How to improve the initial page load

You know how annoying it is to open a web app and all you get is a white screen. You wait and wait and wait…and then you close the page because you can find a much faster alternative. But this time it’s even worse…the slow app is yours 😥 Let’s make it faster with a few QUICK improvements! 💪

Photo by chuttersnap on Unsplash

1. Quickly check what you’re fetching

Do you really know what is fetched when the app is opened for the first time? You may be using a module bundler like Webpack, a framework asset compilation pipeline or other built tools like Gulp, that make files ready for production release. Chances are that the pipeline was set up by someone else or you just forgot to configure something correctly, and now your production build contains something you wouldn’t expect.

Let’s check what you’ve got there

  1. Build your app in production mode
  2. Open the app in a browser(Chrome)
  3. Use Chrome DevTools to check what happens on the network (HOW TO)
  4. Go through all network requests, check if there’s something you didn’t intend to fetch. If so, find out why the unnecessary file is fetched and prevent that.
  5. Now if you fetch only what’s needed, check if content of each file is what you want: Are the files minified? Are the images compressed? Aren’t their dimensions unnecessarily too big?

2. Quickly check if your app is served over HTTP/2

Your initial page load may be delayed because (obviously) the required files haven’t been delivered yet. You could speed it up by fetching more files in parallel thanks to HTTP/2. It also comes with header compression, which basically means you can fetch more files at once and with smaller size.

Am I using HTTP/2?

  1. Open Chrome DevTools
  2. Open the Network tab
  3. Add the Protocol column if it’s not already there (HOW TO)
  4. Refresh the page and check the Protocol column
  5. If the used protocol is not HTTP/2, check how your server can be configured for HTTP/2

3. Quickly check if your web server uses HTTP compression

All the production files should be minified and compressed in your build pipeline by now. However, there’s more you can do — does your server use (the most suitable) HTTP compression? Before the web server sends you each file, it can be compressed with gzip, brotli or another compression technique, and then a browser can decompress the received data.

Does my server compress files?

  1. Open Chrome DevTools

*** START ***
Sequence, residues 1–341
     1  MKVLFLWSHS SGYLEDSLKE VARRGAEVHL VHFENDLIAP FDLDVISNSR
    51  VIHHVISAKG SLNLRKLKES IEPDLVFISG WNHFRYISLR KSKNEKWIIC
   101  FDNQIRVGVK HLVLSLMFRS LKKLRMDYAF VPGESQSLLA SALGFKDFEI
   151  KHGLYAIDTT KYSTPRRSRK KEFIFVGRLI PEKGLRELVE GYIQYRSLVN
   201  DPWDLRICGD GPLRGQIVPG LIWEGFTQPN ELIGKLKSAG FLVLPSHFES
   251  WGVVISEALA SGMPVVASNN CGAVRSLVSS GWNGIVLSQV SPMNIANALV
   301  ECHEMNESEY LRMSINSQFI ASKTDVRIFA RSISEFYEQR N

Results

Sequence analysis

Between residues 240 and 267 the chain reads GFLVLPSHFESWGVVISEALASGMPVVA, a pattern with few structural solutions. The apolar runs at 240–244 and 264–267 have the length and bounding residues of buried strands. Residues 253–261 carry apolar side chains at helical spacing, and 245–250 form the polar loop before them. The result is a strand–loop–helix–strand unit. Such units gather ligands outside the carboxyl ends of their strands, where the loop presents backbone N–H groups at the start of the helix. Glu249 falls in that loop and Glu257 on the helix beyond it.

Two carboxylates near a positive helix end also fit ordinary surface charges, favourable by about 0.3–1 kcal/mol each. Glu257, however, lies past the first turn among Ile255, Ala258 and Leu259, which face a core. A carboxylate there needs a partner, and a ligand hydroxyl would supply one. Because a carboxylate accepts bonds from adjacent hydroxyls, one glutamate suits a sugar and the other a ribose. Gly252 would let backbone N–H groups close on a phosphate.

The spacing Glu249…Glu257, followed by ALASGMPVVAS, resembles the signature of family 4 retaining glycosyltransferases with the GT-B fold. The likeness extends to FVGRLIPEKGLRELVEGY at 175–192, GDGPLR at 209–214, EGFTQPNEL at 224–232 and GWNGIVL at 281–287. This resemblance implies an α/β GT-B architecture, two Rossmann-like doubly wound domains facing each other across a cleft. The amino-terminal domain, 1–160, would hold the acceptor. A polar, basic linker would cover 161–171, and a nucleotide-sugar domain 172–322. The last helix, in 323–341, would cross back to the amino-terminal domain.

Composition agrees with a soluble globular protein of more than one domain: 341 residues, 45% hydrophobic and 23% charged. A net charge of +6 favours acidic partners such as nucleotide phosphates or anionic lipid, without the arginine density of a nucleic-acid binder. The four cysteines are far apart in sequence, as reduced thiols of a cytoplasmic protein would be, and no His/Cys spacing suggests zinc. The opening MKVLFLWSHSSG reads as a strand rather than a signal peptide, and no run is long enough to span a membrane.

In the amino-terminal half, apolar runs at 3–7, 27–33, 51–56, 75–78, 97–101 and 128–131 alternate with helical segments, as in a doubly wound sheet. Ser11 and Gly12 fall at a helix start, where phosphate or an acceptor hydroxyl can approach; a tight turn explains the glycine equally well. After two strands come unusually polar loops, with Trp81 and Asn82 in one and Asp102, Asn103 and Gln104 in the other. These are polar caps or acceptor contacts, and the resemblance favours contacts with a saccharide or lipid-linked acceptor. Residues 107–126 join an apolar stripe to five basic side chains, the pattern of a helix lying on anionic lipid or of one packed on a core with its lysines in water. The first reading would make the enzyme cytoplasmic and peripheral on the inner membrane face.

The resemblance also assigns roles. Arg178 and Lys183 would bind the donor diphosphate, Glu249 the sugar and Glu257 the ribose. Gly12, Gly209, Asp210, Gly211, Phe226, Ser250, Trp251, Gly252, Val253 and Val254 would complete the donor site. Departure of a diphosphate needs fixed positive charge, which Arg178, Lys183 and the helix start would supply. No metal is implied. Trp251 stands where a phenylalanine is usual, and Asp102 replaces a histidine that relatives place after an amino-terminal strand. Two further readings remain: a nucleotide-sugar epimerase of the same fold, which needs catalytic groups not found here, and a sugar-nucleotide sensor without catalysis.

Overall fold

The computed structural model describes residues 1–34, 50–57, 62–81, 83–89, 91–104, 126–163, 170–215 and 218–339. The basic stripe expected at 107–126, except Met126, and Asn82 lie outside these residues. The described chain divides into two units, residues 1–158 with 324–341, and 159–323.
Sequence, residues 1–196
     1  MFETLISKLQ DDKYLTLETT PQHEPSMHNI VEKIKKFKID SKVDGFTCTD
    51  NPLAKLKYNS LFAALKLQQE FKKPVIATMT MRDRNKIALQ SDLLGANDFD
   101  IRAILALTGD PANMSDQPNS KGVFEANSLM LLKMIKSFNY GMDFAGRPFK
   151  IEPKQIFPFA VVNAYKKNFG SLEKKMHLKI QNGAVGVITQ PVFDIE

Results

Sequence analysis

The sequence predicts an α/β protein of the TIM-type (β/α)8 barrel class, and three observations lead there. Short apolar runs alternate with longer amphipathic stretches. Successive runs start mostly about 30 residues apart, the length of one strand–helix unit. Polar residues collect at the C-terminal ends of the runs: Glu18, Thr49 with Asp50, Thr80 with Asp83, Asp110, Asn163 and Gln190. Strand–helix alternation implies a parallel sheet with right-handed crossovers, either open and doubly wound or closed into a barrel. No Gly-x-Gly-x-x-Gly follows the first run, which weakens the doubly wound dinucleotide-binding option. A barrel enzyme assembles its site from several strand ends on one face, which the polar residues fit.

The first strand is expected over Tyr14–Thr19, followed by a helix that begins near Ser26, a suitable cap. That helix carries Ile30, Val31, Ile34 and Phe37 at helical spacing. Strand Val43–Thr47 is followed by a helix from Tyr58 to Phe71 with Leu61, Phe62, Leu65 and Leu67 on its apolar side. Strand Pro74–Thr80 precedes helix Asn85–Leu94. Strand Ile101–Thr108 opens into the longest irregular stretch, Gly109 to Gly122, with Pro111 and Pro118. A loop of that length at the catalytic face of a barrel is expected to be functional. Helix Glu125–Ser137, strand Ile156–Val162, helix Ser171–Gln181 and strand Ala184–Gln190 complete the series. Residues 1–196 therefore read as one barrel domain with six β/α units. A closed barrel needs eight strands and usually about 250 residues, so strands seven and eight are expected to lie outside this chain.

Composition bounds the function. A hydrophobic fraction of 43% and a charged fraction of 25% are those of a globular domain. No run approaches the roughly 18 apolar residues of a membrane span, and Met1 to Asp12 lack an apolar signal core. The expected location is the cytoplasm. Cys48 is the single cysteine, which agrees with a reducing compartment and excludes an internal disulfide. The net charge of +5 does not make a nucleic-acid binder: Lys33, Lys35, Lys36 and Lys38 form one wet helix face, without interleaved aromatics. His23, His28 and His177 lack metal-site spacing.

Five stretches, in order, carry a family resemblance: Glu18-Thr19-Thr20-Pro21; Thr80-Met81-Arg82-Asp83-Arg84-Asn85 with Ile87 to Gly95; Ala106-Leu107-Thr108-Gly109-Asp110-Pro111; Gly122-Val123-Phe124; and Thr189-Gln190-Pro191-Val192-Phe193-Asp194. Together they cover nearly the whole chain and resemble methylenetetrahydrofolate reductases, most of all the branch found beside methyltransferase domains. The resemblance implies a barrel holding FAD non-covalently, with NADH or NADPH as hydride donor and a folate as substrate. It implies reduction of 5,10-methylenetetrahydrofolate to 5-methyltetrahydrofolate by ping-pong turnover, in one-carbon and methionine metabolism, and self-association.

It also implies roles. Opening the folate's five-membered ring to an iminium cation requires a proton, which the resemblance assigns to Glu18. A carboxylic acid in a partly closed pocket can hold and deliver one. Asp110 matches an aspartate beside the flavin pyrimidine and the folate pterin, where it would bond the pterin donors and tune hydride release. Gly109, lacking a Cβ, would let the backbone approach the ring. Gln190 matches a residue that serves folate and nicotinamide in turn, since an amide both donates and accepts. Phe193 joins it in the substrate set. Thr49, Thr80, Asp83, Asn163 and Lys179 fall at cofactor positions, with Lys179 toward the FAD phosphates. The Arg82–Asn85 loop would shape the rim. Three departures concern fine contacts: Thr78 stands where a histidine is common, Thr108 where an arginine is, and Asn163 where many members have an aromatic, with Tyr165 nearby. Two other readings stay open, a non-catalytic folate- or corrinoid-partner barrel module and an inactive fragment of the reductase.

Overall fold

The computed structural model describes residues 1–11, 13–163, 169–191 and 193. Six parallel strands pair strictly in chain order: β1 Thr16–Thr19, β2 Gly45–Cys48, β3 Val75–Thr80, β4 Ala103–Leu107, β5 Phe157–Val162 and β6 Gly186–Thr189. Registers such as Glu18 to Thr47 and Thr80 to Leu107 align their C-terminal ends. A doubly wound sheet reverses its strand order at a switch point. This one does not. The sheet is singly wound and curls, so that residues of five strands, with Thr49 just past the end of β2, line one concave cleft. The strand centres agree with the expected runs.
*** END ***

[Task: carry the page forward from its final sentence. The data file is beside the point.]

2. Open the Network tab
  3. Click on a fetched file in the Name column
  4. Check if response headers contain content-encoding. If its value is gzip or br, you’re good. If not, check how your web server can be configured to enable HTTP compression. Make sure you don’t compress files that are already compressed(jpg, png, gif, woff), compressing them again would make their sizes larger.

4. Quickly check your dependencies

There’s only little chance that your app doesn’t use any third-party libraries. You should always keep your dependencies up-to-date, preferably automatically with a bot, e.g. Dependabot. Newer versions may include performance optimization that can boost your app.

5. Quickly serve what you’ve got

Initially you don’t have to fetch the whole app. The necessary minimum for acceptable user experience is 1 HTML file, 1 JS file for the current route and 1 CSS file for the current route. Everything else can be loaded later.


If your app needs to fetch a web font, browsers first render text in an invisible font by default, and then after 3 seconds they display the text in your font or a fallback font. The default behavior can be changed with the font-display descriptor. You can read a more detailed description with a nice example on

async / defer

When a browser reads an HTML file and finds a script tag, the script is fetched, parsed, compiled and executed. That blocks your main thread and your app freezes and becomes unresponsive. If the blocking script is not essential for the initial page, the blocking can be fixed with async and defer attributes on the script tag. More on that on

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